Pembroke, Mass. First Church

Collection History

The earliest history of the First Church in Pembroke, Massachusetts can be traced to the early 18th century. The First Church was organized October 22, 1712 and its first minister, Rev. Daniel Lewis, was ordained December 3, 1712. the parish flourished under the pastorate of Rev. Lewis and in 1727 a larger meeting house was built. In 1837 a third meeting house was erected. The church continues to serve the community today as The First Church in Pembroke, a member of the United Church of Christ.

The digital records below document the early history and life of the church, including membership lists, administrative and financial records, and church correspondence.

 

Digital Materials

Church records, 1711-1887

This volume includes a list of ministers, a dedication for the church written by Daniel Lewis, lists of votes, lists of deacons, captains, and members, minutes of church meetings, records of dismission, records of baptism, records of admission, records of marriage, records of death, historical information on the church and town of Pembroke, ecclesiastical council meeting minutes, church covenants, church communications, and ministerial records, as well as loose documents.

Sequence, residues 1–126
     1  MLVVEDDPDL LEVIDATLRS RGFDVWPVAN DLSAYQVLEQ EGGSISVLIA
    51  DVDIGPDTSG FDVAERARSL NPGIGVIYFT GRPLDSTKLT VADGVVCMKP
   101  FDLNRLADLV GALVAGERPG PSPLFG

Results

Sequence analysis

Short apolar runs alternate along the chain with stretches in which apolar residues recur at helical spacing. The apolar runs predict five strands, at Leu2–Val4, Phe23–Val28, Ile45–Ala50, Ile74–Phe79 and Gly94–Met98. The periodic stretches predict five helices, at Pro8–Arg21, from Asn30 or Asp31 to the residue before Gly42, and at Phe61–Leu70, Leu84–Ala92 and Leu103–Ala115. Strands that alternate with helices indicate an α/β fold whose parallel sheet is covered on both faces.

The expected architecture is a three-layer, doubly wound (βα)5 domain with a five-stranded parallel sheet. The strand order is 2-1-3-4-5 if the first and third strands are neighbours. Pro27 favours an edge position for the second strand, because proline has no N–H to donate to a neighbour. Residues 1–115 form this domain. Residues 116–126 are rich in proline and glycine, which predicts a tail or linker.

Church records, 1764-1805

This volume includes a list of ministers, lists of votes, minutes of church meetings, minutes of precinct meetings, and financial receipts, as well as loose documents.

List of communicants, 1714-1796

This volume includes chronological lists of church members in the order in which they were admitted to the congregation. Also included are church and precinct meeting minutes.

List of communicants, 1736-1742

This volume is comprised of chronological lists of church members in the order in which they were admitted to the congregation.

 

Special Thanks

This digital resource has been made possible in part by the National Endowment for the Humanities: Exploring the human endeavor.

Any views, findings, conclusions, or recommendations expressed in this resource do not necessarily represent those of the National Endowment for the Humanities.

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